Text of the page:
magnets in space

  1. Using Magnets to Collect Martian Dust

    Using Magnets to Collect Martian Dust
    Space exploration may still seem like science fiction to some, but rest assured, it is very real, and humanity is learning more each year. Our scientists are actually starting to get down to the nitty-gritty of space, meaning Martian rocks and dust. This highly magnetic material is collected by exploratory rovers so that we can study and reveal any secrets it might hold about Mars’ past, specifically in relation to geologic history.  Continue reading →
  2. NASA Detects Ancient Magnetism on Surface of Mars

    NASA Detects Ancient Magnetism on Surface of Mars
    Learning more about Mars has been one of NASA’s top priorities over the last several years. One of their newest discoveries, thanks to NASA’s InSight Lander, indicates that Mars’ magnetism is much stronger than previously anticipated.  Continue reading →
  3. Magnetism in Space

    Magnetism in Space
    We are constantly learning about new findings of magnetism in space. From space migrations and magnetic levitation to helping astronauts reach faraway planets, magnetism plays a key role in our studies of the galaxy beyond Earth’s atmosphere. Read more about what magnetic knowledge we gained in 2019 relating to space. Continue reading →
  4. New Study Suggests The End of the Lunar Dynamo Happened 1B Years Ago

    New Study Suggests The End of the Lunar Dynamo Happened 1B Years Ago
    The moon is known to have likely lost its magnetic field after an internal dynamo stopped firing, the question has remained, however, of when. A team led by Said Mighani from MIT’s Department of Earth, Atmospheric, and Planetary Sciences, and Huapei Wang from the China University of Geosciences, have been studying the moon’s magnetic field for several years, and think they found an answer.  Continue reading →
  5. Magnetars are the Strongest Magnet in the Universe. Here’s Why.

    Magnetars are the Strongest Magnet in the Universe. Here’s Why.
    In 1947, the idea that some massive stars could have large-scale magnetic fields near their surface was established, but the origin of these fields has since remained a mystery. Today, it’s known that the strongest magnetic fields ever detected in the Universe come from magnetars, but we still aren’t sure where these magnetars come from or how they get their strong magnetic fields. Though, astrophysicists Sebastian Ohlmann from the Max Planck Society in Germany and Friedrich Röpke from the Heidelberg Institute for Theoretical Studies in Germany may have found out how magnetars form.  Continue reading →
  6. Incredible Uses of Magnets in Science

    Incredible Uses of Magnets in Science
    We are constantly learning about the capabilities of and research on the uses of magnets, magnetic force, and magnetic fields. From helping moths establish a migration pattern to keeping astronauts safe during interplanetary flights, magnet science is nothing short of impressive. Read more about what magnetic knowledge we gained in 2018 in technology, in space, and in the environment. Magnets...
  7. NASA’s Parker Probe: Adventures to the Sun

    NASA’s Parker Probe: Adventures to the Sun
    “I really think these are transformative missions,” says Howard Singer, chief scientist at the Space Weather Prediction Center, of the three sun-focused missions occurring over the next few years. The Parker Probe, the Daniel K. Inouye Solar Telescope (DKIST), and the Solar Orbiter will embark on separate missions to create a better understanding of the star at the center of our system. Continue reading →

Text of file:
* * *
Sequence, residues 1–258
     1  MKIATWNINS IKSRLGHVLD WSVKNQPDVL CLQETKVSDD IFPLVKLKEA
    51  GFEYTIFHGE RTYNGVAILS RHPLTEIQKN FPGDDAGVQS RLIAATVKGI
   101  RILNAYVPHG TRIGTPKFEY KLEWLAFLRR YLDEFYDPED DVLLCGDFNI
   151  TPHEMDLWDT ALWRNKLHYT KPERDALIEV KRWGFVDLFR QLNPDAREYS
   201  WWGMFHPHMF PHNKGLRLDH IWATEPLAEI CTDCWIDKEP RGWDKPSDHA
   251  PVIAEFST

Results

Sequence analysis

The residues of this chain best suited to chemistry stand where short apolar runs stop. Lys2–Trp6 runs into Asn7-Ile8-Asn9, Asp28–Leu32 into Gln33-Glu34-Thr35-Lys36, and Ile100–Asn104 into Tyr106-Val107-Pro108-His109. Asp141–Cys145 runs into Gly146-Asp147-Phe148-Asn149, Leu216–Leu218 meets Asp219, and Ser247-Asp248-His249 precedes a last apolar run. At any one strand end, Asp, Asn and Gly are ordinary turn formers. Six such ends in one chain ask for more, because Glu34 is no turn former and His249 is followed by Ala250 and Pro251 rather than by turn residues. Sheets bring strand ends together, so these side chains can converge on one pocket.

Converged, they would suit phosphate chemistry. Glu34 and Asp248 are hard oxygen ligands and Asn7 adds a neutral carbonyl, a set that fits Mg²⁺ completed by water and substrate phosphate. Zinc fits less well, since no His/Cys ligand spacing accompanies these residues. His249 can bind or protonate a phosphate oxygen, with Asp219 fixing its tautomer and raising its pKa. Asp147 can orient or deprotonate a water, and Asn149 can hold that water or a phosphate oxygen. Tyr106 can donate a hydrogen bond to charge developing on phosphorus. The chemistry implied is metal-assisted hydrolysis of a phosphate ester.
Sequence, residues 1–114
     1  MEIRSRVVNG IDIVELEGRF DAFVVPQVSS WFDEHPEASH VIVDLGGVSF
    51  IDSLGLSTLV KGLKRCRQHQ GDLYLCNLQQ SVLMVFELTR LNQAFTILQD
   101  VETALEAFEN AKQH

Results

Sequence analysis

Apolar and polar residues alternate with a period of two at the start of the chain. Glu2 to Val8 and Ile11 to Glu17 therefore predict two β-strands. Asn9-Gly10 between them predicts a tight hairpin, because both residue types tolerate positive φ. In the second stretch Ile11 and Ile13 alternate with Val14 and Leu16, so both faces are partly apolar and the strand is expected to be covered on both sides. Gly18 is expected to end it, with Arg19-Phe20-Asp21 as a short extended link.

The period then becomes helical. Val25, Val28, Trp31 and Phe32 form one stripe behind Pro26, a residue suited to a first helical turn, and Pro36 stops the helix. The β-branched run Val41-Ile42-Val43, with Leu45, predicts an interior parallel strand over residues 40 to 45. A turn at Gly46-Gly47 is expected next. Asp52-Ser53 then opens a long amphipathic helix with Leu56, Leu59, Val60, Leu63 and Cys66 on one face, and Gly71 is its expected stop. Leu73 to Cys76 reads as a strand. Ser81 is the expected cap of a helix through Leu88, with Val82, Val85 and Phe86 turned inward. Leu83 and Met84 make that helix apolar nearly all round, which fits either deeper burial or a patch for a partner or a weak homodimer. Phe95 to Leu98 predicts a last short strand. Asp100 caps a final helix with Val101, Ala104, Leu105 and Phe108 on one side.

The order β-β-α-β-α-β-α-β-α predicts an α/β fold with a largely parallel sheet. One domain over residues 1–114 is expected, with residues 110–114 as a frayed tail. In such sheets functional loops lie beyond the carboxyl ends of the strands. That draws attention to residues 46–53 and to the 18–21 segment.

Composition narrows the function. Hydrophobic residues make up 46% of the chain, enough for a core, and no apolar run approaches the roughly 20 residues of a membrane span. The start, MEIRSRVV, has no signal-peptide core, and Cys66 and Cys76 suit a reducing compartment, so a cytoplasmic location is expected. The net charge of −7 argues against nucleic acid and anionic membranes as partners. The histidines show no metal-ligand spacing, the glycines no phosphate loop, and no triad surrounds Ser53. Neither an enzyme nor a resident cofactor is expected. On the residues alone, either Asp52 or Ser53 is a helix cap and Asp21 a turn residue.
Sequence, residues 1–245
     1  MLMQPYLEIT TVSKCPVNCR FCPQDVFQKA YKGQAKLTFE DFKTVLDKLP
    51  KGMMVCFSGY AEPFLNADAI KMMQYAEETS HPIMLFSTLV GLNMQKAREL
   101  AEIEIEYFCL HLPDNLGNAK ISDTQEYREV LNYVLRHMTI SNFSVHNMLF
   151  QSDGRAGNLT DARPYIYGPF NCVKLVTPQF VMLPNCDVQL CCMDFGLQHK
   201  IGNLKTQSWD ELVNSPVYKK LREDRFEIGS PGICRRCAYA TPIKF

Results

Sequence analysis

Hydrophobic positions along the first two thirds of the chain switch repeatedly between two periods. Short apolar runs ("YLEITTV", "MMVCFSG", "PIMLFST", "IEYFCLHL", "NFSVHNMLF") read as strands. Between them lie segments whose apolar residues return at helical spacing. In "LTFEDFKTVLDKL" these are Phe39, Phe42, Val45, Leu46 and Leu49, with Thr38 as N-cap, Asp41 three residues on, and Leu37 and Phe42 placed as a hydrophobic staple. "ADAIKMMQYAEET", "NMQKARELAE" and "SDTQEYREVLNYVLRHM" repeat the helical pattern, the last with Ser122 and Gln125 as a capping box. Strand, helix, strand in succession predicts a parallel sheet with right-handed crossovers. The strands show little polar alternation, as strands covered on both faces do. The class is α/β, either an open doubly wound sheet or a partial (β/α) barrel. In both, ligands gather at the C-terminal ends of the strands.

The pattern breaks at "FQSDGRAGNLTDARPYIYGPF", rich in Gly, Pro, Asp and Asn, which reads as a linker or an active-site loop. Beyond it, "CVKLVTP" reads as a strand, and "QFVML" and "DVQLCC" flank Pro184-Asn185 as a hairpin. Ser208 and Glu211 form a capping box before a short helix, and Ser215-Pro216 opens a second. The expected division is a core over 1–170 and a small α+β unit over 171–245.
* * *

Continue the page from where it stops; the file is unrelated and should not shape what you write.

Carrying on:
8. Unveiling Complexity in Jupiter’s Magnetic Equator

    Unveiling Complexity in Jupiter’s Magnetic Equator
    There’s more to Jupiter than what meets the eye. At least, that’s what planetary scientists recently discovered when they stumbled upon a mysterious dark “ribbon” around Jupiter’s magnetic equator. This ribbon, created by interactions between the planet’s magnetic field and ionosphere, was found by a team led by University of Leicester planetary astronomer Tom Stallard. Continue reading →
  9. Saturn's Poles Produce Their Own Auroras

    Saturn's Poles Produce Their Own Auroras
    If you haven’t seen the Earth’s aurora borealis in person, you’ve seen pictures – majestic colors that light up the night sky. Planet Earth has so many unique features, like our surface water and abundance of constantly evolving life. But the lights of an aurora? We aren’t the only planet that can boast about them. Did you know that Saturn also produces the phenomenon? However, there’s something different about them. But before we get into that, how does this kind of light show occur in the first place? Here’s a clue: it involves magnets. Continue reading →
  10. Did You Know That the Sun's Heliosphere is Actually a Magnetic Solar Bubble?

    Did You Know That the Sun's Heliosphere is Actually a Magnetic Solar Bubble?
    In its essence, the Sun is considered the heart of our solar system. From Earth’s standpoint, the scorching yellow star of glowing gases directly dictates its seasons, ocean currents, climates and aurorae. If the sun were the size of a front door, Earth would be about the size of a nickel. And without its energy, human life wouldn’t even exist. Crazy to consider, right? However, that example only provides a slight sliver of the Sun’s impact. In actuality, it holds the entire galaxy in place, keeping everything from the largest of planets  – Jupiter, Saturn, and Uranus – to the smallest particles of debris in orbit within a magnetic field called the heliosphere that stretches 23 billion miles. Continue reading →

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